Thursday, August 28, 2014

Underappreciated Authors

Underappreciated authors: over at SF Signal, some interesting-sounding leads to chase up. I'm stunned-not-stunned nobody mentioned the great Steve Aylett, who makes "impervious to popularity" his USP. Also, Cheryl Morgan's Eurocon recommended reading includes a lot of names new to me.

It is probably true that genre readership has a top-heavy structure: there's way too much attention, desire, intelligence and resourcefulness, focused on a few superauthors. Some of that stock of fervent, sentient energy could be more justly housed in the accomplishments of midlisters and weirdos.

What if there were no underappreciated authors, no underrated authors? What if everyone were appreciated just the amount they deserved? Would there be a downside?

One of the unique virtues of genre fiction -- in particular, of science fiction (and its quasi-realist concomitants like design fiction and some YA) -- is a capability which relies on a certain amount of top-heaviness, a certain superficially excessive focus on a small number of writers and texts. I think the downside would be diffusion, and an associated degradation of this capability which is peculiar to genre fiction.

It is the capability of second-order extrapolation. It seems impossible to get anywhere significant in the imagination with only one extrapalatory leap: no matter how ingenious you are with your leap, no matter how you twist and contort in the air, there's simply nowhere interesting within range. That is a fact about the historical moment we're living through.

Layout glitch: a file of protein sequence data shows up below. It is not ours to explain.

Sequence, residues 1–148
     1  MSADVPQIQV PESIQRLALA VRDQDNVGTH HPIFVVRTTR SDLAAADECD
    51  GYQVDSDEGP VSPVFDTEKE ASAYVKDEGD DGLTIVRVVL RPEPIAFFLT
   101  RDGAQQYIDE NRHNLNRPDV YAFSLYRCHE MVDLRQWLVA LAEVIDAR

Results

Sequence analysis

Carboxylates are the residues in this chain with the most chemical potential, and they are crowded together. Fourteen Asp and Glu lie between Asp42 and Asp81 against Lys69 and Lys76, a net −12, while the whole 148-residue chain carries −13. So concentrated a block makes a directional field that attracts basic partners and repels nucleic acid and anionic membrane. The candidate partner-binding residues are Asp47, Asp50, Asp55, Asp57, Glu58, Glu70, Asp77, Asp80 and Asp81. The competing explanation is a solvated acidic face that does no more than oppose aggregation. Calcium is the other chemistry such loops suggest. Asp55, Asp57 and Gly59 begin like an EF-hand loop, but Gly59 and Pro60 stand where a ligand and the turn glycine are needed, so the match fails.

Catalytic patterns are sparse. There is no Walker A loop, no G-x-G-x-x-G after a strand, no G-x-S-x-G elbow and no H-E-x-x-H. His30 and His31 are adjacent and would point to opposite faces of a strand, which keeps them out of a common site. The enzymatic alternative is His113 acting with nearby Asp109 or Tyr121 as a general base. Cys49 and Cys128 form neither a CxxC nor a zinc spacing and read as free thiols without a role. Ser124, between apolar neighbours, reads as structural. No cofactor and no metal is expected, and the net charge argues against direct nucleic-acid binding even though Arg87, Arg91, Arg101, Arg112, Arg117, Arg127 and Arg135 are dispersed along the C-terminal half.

But when you have a gigantic readership who are periodically funneled together through the bottlenecks, such as avidly devouring a superauthor's Latest Awesomeness, or such as reading all the works nominated for a particular award, then you get the possibility of creating a special kind of public. It's a public that periodically naturalises the novum. That is, there's a regular cycle of absorbing a set of extrapolations (and other cognitive estrangements) and codifying them as genre literacy, something which can now be taken for granted ... perhaps opening the way for other authors (or the same authors) to build on the baseline!

In other words, having underappreciated authors is part of what gives genre fiction its real avant-garde potential (assuming the only avant-garde worth bothering with is actually the avant-avant-garde).

Of course, that theory does rather rely on the superauthors and the prize nominees occupying an avant-garde and/or marginal position in the first place, rather than just being adept centrist synthesizers, which isn't usually how they Rowl ...

(Get it, like JK Rowling?)


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